All in all, it was a good game for the Canes.  A win would have been nicer, but I can’t complain about the effort.  Even without key members of this unit, they put together a good team effort.  And Eric Staal finally got back in the “goal” column. 

I liked the Tlustý/Sutter/Kostopoulos line.  They had another chance later in the game to score an identical goal to the first one, but it didn’t work out.  Anyway, they looked good together.  Suttsy and Tlustý are both young players with really good hockey smarts.  So far, they look great together. 

Carolina will move on from America’s capital city to Canada’s.  They’ll take on the Senators on Saturday at 7:00.  If they can manage one point there, the four game road trip will have been a success.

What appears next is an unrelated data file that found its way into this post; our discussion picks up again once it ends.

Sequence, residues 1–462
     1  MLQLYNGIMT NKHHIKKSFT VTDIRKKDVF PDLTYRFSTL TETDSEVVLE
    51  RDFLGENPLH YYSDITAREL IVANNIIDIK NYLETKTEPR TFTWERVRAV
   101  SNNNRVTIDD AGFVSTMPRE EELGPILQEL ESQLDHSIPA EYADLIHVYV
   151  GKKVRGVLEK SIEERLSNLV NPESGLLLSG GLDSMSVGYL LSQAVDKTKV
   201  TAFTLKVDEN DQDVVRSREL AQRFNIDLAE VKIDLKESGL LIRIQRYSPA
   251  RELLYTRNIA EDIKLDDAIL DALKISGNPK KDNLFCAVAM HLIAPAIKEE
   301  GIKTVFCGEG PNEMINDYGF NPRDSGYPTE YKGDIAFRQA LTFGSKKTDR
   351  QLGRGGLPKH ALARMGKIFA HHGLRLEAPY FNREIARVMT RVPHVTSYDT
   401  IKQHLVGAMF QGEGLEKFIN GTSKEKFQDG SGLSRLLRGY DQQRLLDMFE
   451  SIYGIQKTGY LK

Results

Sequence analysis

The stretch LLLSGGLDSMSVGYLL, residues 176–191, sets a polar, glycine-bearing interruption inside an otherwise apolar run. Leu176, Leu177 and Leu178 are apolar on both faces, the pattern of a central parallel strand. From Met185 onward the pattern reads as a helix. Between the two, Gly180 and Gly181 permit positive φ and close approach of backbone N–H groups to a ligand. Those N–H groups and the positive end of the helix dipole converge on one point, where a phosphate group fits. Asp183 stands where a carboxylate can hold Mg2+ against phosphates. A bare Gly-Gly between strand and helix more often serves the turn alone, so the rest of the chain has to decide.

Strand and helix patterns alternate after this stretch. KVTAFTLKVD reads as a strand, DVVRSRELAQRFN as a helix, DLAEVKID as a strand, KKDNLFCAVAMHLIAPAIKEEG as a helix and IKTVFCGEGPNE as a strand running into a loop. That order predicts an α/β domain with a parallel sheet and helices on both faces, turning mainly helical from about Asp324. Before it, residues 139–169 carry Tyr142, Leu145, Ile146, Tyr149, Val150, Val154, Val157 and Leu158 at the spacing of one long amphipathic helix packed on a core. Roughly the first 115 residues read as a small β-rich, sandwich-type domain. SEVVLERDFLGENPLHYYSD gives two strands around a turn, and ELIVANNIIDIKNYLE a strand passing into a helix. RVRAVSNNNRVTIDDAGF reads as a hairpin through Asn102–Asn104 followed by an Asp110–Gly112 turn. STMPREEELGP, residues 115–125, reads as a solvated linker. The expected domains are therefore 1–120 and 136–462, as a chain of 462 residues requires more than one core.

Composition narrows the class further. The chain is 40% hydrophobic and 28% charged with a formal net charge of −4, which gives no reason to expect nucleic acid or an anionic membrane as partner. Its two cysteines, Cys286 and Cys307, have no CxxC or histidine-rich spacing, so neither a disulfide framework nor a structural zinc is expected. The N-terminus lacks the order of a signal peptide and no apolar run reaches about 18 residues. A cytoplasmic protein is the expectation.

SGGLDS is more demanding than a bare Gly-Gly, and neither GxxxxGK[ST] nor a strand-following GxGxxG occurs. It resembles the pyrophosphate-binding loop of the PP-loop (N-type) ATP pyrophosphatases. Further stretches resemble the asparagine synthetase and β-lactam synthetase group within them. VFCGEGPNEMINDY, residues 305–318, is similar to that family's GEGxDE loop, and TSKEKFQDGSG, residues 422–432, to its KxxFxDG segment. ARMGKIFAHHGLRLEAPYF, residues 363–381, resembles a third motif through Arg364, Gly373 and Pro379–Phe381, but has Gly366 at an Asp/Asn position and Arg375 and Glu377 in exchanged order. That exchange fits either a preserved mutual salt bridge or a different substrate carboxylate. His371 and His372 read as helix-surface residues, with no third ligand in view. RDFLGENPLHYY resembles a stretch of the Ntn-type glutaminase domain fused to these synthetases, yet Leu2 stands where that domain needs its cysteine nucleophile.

Filed in: | Red and Black Hockey | Permalink
  Tags: alex+semin, carolina+hurricanes, jiri+tlusty, tim+gleason, washington+capitals

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About Red and Black Hockey

David Lee is a restaurant manager with an unused degree in political science.  He can be found at Carolina Hurricanes games, Scrabble tournaments and indie-rock shows.  Sometimes, all in the same day. 

David has contributed to CBC.ca for their Stanley Cup playoff coverage in 2006 and to the New York Times Slapshot blog for theirs in 2008. Red and Black Hockey was founded in July of 2005.